He was one of the first public officials in the nation to acknowledge he was gay and one of the first prominent people, before Magic Johnson, to acknowledge that he was HIV positive. Before his death, Brian Coyle was a champion for issues that are now commonplace, such as domestic partner benefits and light rail transportation.
Coyle, whose legacy will be celebrated on Tuesday, was a student for Nixon as a teen, and the director of the Campaign to Impeach Nixon as an adult. He was a conscientious objector to the Vietnam War, which caused him to lose his job as a professor, and he pushed for rent control and tenant rights. Before being elected to the Minneapolis City Council, he fought to block power lines in rural Minnesota and publicly subsidized stadiums downtown.
He was also a snappy dresser, said his sister, Kathy Coyle.
Coyle died 25 years ago, on Aug. 23. His friends and family will hold a public tribute for him at 7:30 p.m. at Wesley Church Center, 101 E. Grant St., Minneapolis — the site of Coyle’s funeral.
Greg Renstrom, one of the organizers of the event, never met Coyle. But over the years the former minister began hearing tales of Coyle’s short but wildly ambitious and productive life.
“He was an unbelievable person,” said Renstrom, who wants to give friends a time to remember, but also introduce Coyle’s work to a new generation.
Kathy Coyle, who will speak at the event, said her brother became a community leader because of innate smarts, hard work and a passion to attempt big things. She can still picture him up at the cabin when they were young, sunbathing while reading a book on economics.
Coyle was also successful because his parents, Republicans, supported him even when they didn’t agree with him. They supported him when he refused the draft and was called a “pinko commie,” and when he revealed that he was gay, his sister said.
Rep. Karen Clark, DFL-Minneapolis, worked with Coyle on many social issues and said Coyle didn’t care much about party politics, focusing instead on tough issues. “Everything he did in his life revolved somehow around economic justice,” she said.
Clark, who is lesbian, preceded Coyle in coming out, but said his decision to acknowledge he was HIV positive was courageous. “That was much, much harder because it was a time when the community was finding its pride,” she said.
When Coyle started his own political career, he started at the top, challenging U.S. Sen. David Durenberger. Durenberger said in an e-mail that he grew to admire Coyle because he had “the courage of his convictions” and spoke out for those who couldn’t.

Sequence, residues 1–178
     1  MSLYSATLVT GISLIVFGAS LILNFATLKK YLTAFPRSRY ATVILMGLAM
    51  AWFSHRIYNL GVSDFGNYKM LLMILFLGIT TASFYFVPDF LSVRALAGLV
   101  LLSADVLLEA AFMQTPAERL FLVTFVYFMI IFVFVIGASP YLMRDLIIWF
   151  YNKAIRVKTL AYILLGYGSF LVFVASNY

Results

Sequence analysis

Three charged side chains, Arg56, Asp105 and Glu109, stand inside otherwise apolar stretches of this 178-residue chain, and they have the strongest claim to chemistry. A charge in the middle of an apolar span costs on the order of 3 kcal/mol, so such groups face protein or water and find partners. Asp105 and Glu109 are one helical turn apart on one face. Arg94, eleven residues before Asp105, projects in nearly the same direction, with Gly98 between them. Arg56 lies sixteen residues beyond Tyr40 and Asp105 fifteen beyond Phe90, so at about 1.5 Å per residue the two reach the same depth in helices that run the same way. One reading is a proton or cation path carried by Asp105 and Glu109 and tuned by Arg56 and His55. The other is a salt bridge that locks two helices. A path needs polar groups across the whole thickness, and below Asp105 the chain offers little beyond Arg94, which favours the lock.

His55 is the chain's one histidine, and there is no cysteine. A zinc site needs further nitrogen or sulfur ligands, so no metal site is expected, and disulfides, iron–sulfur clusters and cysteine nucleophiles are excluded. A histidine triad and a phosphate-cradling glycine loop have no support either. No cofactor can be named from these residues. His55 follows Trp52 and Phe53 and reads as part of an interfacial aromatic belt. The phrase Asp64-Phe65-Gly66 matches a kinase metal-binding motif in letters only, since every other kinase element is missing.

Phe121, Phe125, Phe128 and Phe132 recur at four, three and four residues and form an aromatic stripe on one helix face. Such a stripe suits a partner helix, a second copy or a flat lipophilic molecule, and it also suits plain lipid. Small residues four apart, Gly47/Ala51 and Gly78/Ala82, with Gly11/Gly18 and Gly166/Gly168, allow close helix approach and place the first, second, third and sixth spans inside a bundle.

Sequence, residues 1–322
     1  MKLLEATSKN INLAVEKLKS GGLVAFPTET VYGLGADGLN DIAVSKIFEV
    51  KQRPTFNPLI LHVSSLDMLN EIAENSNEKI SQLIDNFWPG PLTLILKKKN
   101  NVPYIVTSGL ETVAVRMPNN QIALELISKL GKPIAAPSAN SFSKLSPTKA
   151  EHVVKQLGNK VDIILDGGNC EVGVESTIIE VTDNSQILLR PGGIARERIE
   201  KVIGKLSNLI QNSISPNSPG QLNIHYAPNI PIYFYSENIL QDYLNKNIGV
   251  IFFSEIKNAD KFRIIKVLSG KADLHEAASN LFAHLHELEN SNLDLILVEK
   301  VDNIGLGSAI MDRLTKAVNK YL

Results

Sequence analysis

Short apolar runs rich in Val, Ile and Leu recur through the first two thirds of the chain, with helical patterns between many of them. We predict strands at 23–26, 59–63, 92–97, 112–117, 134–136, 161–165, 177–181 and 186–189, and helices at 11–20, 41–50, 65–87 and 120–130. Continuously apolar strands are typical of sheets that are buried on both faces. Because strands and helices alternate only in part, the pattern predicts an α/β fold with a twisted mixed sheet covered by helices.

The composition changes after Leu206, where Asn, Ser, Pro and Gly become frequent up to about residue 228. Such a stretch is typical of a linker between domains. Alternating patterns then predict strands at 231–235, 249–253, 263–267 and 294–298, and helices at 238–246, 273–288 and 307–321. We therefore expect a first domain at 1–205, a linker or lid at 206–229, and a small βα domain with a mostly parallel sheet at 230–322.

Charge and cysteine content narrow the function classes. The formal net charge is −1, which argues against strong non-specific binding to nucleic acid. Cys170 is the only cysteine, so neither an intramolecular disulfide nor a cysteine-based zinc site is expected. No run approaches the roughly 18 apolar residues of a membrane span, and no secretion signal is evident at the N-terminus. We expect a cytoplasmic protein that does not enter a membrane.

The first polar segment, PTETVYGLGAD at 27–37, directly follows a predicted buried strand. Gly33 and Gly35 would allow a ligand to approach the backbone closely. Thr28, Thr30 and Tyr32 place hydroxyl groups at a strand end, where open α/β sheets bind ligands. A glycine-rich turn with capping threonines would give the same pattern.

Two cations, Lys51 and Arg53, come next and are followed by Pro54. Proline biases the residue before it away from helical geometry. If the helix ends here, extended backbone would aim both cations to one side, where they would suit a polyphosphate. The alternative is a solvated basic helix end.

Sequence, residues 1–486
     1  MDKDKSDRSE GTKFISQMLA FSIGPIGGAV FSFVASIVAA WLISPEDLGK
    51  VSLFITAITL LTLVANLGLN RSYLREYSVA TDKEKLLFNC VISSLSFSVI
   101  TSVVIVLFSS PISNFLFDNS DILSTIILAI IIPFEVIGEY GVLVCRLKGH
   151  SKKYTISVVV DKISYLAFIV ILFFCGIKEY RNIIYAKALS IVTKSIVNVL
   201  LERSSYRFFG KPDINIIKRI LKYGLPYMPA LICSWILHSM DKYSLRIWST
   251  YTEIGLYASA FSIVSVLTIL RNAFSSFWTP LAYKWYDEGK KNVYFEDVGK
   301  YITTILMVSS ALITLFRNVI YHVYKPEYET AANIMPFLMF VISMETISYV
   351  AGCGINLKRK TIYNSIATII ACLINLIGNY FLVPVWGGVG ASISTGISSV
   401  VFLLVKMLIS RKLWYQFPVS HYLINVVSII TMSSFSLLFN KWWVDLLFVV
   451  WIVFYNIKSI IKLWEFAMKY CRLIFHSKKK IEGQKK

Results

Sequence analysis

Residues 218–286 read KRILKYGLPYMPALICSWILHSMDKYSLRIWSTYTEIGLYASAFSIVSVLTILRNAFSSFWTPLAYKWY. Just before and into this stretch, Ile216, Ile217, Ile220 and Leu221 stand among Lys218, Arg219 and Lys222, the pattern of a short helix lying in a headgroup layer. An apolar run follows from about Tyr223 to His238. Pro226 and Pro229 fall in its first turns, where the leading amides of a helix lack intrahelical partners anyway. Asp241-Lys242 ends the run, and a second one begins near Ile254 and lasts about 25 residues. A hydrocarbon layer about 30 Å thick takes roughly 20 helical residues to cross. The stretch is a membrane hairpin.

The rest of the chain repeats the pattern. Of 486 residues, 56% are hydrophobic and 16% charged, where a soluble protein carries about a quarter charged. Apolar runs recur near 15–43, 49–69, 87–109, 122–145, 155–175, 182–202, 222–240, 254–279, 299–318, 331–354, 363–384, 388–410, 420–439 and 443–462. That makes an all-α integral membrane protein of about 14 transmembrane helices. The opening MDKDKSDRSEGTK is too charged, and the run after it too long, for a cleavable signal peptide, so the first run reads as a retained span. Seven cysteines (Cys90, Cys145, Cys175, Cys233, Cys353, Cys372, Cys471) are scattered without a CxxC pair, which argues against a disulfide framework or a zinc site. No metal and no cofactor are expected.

Coyle lost that race, and also one for mayor and City Council before winning the Sixth Ward seat in 1983. As a council member, he focused on affordable housing, the environment and public transportation. Kathy Coyle remembers Brian taking former Gov. Rudy Perpich to poor areas of his ward to show him the blight, but also the possibilities of the neighborhoods.
Kathy Coyle said the family knew her brother was HIV positive long before he made it public, which he did with careful planning.
The way Coyle chose to announce his illness says as much about him as anything. He picked journalist David Carr to write a lengthy piece that included material from Coyle’s journals. Carr had struggled with drugs and lost jobs because of it. He was trying to prove to local editors he was reliable at the time.
“Brian knew David needed a hand up,” said Kathy Coyle. So, even though he was dying, he was thinking about someone else, she said. Carr went on to become a legend at the New York Times, and he credited Coyle with helping his career.
Sen. Scott Dibble, DFL-Minneapolis, who will speak at the event, was 19 when Coyle won his election.
“It was big news that an ‘out’ gay man was elected to the City Council, but I didn’t know quite what that meant to me,” said Dibble, who was instrumental in getting Minnesota’s gay marriage law passed.
Asked if the law could have been passed without people such as Coyle, Dibble replied: “Absolutely not.”
Dibble recalls meeting with the artist commissioned to do a bust of Coyle for City Hall. Should he be portrayed as the idealistic young radical with long hair and a mustache, or the clean-cut council member with the nice suits who got things done?
The conflicting images were part of who Coyle was, so the artist included elements of both.